Another masterpiece from master shige, from beneath the waterlogged ruins of the tragic islands of Nihon...
Classical progressive in the germanic late-seventies style with synth soloing, lush keyboards, digital strings, electric and acoustic guitar arpeggios lulling you into the dreamlands of the isles of Arnold Böcklin with the long drawn-out spectres and sea-images of distant travels and travails... Novalis: "we are nearly awake when we dream about dreaming." This gives me hope there is still uncovered treasure in the lost archipelagos and ruined architectures of the seventies, the lost atlantises of progressive rock buried under the tempested waves battering our frail and fraying memories. We are scraping the bottom of the barrel yes, but here and there we will find a huge monster, an elephant oil field deep from the cretaceous that will reawaken our hopes for a brilliant future of beauty and cocaigne-like plenitude. But then in the morning we look again and find the dream is over, like Prufrock, "voices wake us and we drown," except the remnants of the memory of certitude that could have come about cling to us in a shudder.
From cd reissue again:
" What we have here is the type of album we wish all private symphonic rock albums to be. Not long ago, we featured a band called Profil and their album "For You". Zebulon reminded me of that album, though this is much more keyboard driven [sic] than the purely guitar oriented [sic] Profil. Zebulon has a positive energy, with many hooks and changes, and plenty of fiery solos. At any one time while listening to this, I was reminded of other German bands such as Tonic, Trilogy, Rousseau, Prosper and maybe even the first Amenophis album. Probably the only weakness is the choice of keyboards / synthesizers that are employed - generally of the cheap and tinny variety. It's a small complaint with music this good. The AC comments "This one is straight-up excellent instrumental prog, with a few fusion touches thrown in for good measure. I really enjoy this album, and it seems almost totally unknown." Overall, a superb instrumental progressive rock album."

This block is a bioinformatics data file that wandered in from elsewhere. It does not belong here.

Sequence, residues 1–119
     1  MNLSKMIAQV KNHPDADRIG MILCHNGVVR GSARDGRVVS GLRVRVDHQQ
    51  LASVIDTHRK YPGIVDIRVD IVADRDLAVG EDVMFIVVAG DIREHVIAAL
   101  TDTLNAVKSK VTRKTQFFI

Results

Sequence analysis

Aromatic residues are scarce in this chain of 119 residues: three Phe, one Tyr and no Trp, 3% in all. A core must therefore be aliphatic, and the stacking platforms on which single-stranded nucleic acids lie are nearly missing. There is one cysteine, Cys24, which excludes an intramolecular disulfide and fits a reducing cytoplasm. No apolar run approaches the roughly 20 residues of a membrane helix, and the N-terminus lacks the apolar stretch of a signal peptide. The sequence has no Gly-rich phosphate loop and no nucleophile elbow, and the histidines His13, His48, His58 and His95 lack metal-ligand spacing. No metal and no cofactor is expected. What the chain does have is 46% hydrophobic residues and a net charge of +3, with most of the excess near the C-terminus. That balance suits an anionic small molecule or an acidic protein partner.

I don't know if it stands comparison to Tonic or Trilogy, the compositions here are not quite as ingenious and inventive as some other german bands along the same lines, certainly they are more gifted in complexity than Novalis for example, so to me it's more enjoyable; as well the energy level never lets up (there is no slow wimpy song) but after a few listens it all starts to blend together, kind of like italian restaurants wherein varieties of pasta supposedly make for varieties of bona fide foodstuffs. Check out for example track 2 which travels for several minutes in G major, very briefly modulating to E flat but no sooner said than done we go back to the same G riff as if the musicians were frightened of the risks they were taking by changing keys. At least they don't stay in the same chord for an entire long song like so many other teutonic culprits. Notably absent is the sine qua non of prog, the tritone, until in the last track, "zombie d'amour" we get a great minor second dissonance (cluster-like).
We cannot thank the ripper enough for this egregious act of resuscitation in bringing to a wider audience such a phenomenal piece of progressive rock, lost to time, lost to space, lost to the collective jungian consciousness of humanity. (Except in the deepest dreams of beauty.) Along with everyone else we feel so horribly for the people of their country and the impossible injustice of the chance mayhem the world visited upon them. We know that we are in an endless cycle of suffering in this existence, spring must follow winter, snow must follow the cold. Our deaths are necessary for births to come, we must leave for our children to take our places, we have been told to die so nature can change our molds. We are all the same carbon and H2O cycling endlessly through the billions of years the earth has circled around. For human beings, awareness of this paradox is the ultimate suffering, to be cognizant of one's own temporality is the punishment for our eternal minds. We are allowed to think of everything but only at the cost of all thought to be extinguished one day, one unpredictable day.
Therefore, as Gautama Siddhartha taught, it is our duty to reflect upon the only subject there is, the subject of the question of our existence...
Michael Krenke......bass, Siefkophone
Thomas Krenz ......guitar, percussion
Micky Schmidt......drums, percussion
A1 Opium Haut Opi Um 5:32
A2 Crazy Marck 4:16
A3 Pudding Exploison 9:11
B1 Walpurgisnacht 6:06
B2 Galappagos 4:30
B3 Schwanenflug 4:35
B4 Zombie D`Amour 5:18